Despite a warning from Dormin that he may have to pay a great price to revive Mono,[33] Wander sets out to search the land for the colossi and destroy them. With the death of each colossus, his physical appearance deteriorates - his skin becoming paler, his hair darker, dark streaks growing across his face, and there even appears a slight growth of horns on his head. Meanwhile, Mono's complexion improves and her voice can be faintly heard after each colossus has been killed. After the death of the twelfth, it is revealed to the player that Wander is being pursued by a group of warriors led by a shaman called "Lord Emon".

Urged to hurry with his task by Dormin, Wander soon heads off to defeat the sixteenth and final colossus. On the way to this confrontation, he travels on horseback across a long bridge, which begins to collapse as he is halfway across. As Agro jumps over the last gap in the bridge, the portion he lands on begins to separate from its foundation, causing Agro to nearly lose his footing. Sensing the impending fall, Agro jerks forward to throw Wander to safety on the other side, sacrificing himself as the bridge finally gives way and he falls into the river hundreds of feet below. Wander goes on to defeat the final colossus, and Lord Emon's company arrives in the Shrine of Worship just as the last temple idol crumbles; Wander appears soon afterwards, his eyes and skin now both entirely pale, and two small horns protruding from his head. Declaring that Wander has been "possessed by the dead", Lord Emon orders his warriors to kill him.[34] While he struggles to reach Mono, one warrior shoots Wander in the leg with a crossbow, while another stabs him through his heart with a sword. Black blood sprays from the wound as Wander's body becomes covered in darkness and falls to the floor — a death identical to those suffered by the colossi.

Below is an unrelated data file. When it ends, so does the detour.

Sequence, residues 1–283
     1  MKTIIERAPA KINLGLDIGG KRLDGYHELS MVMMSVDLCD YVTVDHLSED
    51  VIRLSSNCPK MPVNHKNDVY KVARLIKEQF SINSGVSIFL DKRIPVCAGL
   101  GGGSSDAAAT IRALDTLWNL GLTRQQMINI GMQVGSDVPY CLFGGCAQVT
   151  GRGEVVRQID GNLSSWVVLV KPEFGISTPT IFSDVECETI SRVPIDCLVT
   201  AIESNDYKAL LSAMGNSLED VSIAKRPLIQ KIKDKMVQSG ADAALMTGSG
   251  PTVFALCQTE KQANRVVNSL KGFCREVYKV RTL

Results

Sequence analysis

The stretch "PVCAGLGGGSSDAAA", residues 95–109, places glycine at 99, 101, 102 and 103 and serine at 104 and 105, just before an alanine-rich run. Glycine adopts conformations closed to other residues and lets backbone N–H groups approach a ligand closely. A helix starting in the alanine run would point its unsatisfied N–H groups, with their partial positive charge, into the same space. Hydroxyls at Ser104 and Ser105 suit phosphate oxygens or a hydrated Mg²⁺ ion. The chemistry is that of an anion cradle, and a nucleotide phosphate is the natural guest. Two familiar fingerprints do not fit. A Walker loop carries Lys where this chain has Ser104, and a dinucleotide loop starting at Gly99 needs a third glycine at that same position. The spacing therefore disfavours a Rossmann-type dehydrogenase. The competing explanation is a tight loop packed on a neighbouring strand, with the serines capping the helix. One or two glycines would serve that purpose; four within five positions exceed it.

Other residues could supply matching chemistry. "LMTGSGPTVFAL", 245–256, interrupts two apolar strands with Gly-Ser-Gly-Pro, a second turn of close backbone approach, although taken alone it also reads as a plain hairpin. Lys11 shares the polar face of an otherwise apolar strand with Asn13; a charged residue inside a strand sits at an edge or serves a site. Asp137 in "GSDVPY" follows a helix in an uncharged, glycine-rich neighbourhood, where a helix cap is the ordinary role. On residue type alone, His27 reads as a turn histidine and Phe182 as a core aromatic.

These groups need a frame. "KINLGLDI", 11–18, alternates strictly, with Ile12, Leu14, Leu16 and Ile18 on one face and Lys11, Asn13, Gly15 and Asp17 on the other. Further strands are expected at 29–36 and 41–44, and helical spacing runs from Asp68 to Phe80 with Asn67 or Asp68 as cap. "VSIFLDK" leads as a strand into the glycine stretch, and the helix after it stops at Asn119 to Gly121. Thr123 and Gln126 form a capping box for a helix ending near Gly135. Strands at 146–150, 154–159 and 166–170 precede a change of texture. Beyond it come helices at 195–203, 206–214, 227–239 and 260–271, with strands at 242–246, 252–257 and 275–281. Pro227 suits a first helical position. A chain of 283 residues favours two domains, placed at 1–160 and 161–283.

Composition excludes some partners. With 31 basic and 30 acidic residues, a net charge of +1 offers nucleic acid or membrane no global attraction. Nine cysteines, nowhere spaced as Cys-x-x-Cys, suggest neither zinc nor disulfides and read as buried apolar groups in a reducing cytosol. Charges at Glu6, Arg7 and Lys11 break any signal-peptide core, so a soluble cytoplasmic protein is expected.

Afterward, Dormin's spirit possesses Wander's body, transforming it into a shadowy giant. They explain that their body had been separated to sixteen pieces—the colossi—to seal away their power,[26] and that they have now borrowed Wander's body and born anew, each freed component of Dormin's essence having been stored within Wander's body.[35]. While his men flee, Lord Emon casts the ancient sword used to kill the colossi into a small pool at the back of the temple's hall, creating a whirlwind of light that consumes Dormin and, ultimately, Wander. Emon and his men flee the forbidden land as the bridge connecting to the temple collapses behind them. As they safely arrive at the entrance to the forbidden land, Emon expresses hope that if Wander survived, he will someday be able to atone for his crimes.[36]